EDF, processors and fishermen team up to cut outdated regulations while improving sustainability

Photo by John Rae

New analysis of Pacific fishery program shows huge potential for hike in jobs, economic gains

(Portland, Oregon – April 11, 2018) A major West Coast fishery that was declared a federal disaster in 2000 could add new jobs, increase economic activity and cut outdated red tape – all while creating one of the most sustainable fisheries in the world, according to new analysis of the fishery.

These gains are possible through a pilot project in the pacific groundfish fishery, approved by the National Marine Fisheries Service (NMFS) and the Pacific Fishery Management Council, which is demonstrating that certain outdated regulations focused on the types of gear fishermen can use in certain areas are no longer necessary. The fishery encompasses more than 90 species of fish including rockfish, Dover sole and lingcod.

“We have worked hard to bring this fishery back sustainably, and this change will help us realize all the benefits of that work,” said Mike Retherford, Jr., a commercial fisherman out of Newport, Oregon fishing in the pilot.

The pilot, formally known as an Exempted Fishing Permit, allows participating fishermen to operate free of these outdated regulations and instead relies on a conservation approach adopted by the fishery in 2011. It focuses on individual accountability using a tool called “catch shares” and full fishery monitoring to create long-term incentives for conservation.

“This is a great example of what can be achieved when stakeholders work together,” said Lori Steele, Executive Director of the West Coast Seafood Processors Association. “We’re only into the first quarter of the year and we have already seen an additional $5 million injected into our fishing communities from this pilot.”

An economic analysis of a select group of fish being caught in this limited pilot shows the potential across the fleet to create more than 400 new jobs and more than $35 million in economic activity per year in West Coast communities. If the entire fishery is able to realize these benefits, the economic reward could equal more than $100 million dollars per year.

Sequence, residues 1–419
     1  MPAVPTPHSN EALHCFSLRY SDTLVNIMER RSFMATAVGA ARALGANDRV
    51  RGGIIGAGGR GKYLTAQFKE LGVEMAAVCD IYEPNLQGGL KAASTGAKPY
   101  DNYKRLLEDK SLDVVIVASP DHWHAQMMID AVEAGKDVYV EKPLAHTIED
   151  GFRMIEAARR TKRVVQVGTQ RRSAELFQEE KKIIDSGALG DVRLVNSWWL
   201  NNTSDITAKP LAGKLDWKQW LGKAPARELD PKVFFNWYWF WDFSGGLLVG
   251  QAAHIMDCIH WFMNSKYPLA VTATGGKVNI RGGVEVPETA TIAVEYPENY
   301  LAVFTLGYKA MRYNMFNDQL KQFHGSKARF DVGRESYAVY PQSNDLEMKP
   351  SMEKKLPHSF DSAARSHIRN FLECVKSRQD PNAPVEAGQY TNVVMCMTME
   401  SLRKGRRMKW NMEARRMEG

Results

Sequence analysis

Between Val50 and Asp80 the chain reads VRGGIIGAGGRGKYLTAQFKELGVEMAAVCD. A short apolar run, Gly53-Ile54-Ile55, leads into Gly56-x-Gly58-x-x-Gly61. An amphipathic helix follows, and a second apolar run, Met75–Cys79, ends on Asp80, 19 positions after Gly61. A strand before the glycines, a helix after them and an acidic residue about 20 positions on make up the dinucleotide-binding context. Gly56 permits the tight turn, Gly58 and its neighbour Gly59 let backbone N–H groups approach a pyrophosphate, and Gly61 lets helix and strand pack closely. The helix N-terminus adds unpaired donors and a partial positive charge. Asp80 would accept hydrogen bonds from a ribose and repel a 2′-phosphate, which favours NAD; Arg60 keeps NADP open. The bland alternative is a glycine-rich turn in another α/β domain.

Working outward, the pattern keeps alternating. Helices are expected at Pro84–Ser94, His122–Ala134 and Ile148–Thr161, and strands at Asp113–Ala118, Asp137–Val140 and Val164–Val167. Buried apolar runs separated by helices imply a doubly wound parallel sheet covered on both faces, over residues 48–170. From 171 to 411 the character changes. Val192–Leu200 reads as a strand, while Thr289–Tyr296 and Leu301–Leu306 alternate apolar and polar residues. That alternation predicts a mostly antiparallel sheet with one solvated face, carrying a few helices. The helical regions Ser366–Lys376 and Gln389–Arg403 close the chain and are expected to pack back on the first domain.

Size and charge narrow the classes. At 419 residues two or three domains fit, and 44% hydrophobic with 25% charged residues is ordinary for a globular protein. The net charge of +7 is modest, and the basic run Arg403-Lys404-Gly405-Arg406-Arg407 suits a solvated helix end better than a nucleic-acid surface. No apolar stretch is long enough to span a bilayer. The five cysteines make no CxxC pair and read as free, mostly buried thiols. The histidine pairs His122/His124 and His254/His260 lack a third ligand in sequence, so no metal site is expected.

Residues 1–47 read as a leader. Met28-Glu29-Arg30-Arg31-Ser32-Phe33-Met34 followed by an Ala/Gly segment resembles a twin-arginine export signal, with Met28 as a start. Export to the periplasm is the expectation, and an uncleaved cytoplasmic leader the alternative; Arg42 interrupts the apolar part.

“This is a demonstration that commercial gains can go hand-in-hand with environmental performance and accountability.” said Mike Okoniewski, Fisheries Policy and Management Advisor for Pacific Seafood. “We’re proud of the results we’re delivering for customers and the American public who entrust us as stewards of this resource.”

In part thanks to this pilot, West Coast fishermen increased their landing by nearly 20 million pounds in 2017, bringing in enough new sustainable American seafood to feed almost the entire population of California a delicious filet of seafood tonight.

“After the federal disaster declaration in 2000, the fishery was struggling to recover and we all worked together to design a system that could work for conservation and fishing businesses,” said Shems Jud, West Coast director for Environmental Defense Fund’s Oceans program.

Catch shares take the science-based catch limit for the fishery and divide the total sustainable amount of fish that can be caught into individual quotas that each fisherman can catch throughout the year. Once implemented, catch shares ensure fishermen stay within the fishery’s sustainable limit while giving them a direct stake in its success and the flexibility to fish when it make sense for them.

“Catch shares and accountability are delivering strong conservation benefits and it’s time to get rid of these outdated regulations,” said Jud.

Since 2011 the fishery has reduced discarding, or wasted bycatch, by 80 percent. In 2014 the fishery was certified by the Marine Stewardship Council and received upgraded ratings for several species from Monterey Bay Aquarium’s Seafood Watch program. In addition, six species caught in the fishery that were once declared overfished, have been certified as rebuilt by the National Oceanic and Atmospheric Administration.

Environmental Defense Fund, Pacific Seafood, the West Coast Seafood Processors Association, the Oregon Trawl Commission and many others are asking that the elimination of these outdated regulations be made permanent after this year.

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